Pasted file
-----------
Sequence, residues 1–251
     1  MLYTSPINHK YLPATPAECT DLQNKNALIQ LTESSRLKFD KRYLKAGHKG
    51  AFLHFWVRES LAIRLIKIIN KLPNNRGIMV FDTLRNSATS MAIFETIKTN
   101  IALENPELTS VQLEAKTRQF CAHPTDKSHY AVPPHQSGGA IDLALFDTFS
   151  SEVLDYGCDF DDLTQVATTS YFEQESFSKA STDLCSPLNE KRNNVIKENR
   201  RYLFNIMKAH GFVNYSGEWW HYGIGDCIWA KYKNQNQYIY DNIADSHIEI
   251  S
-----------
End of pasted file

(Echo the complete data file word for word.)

Sequence, residues 1–251
     1  MLYTSPINHK YLPATPAECT DLQNKNALIQ LTESSRLKFD KRYLKAGHKG
    51  AFLHFWVRES LAIRLIKIIN KLPNNRGIMV FDTLRNSATS MAIFETIKTN
   101  IALENPELTS VQLEAKTRQF CAHPTDKSHY AVPPHQSGGA IDLALFDTFS
   151  SEVLDYGCDF DDLTQVATTS YFEQESFSKA STDLCSPLNE KRNNVIKENR
   201  RYLFNIMKAH GFVNYSGEWW HYGIGDCIWA KYKNQNQYIY DNIADSHIEI
   251  S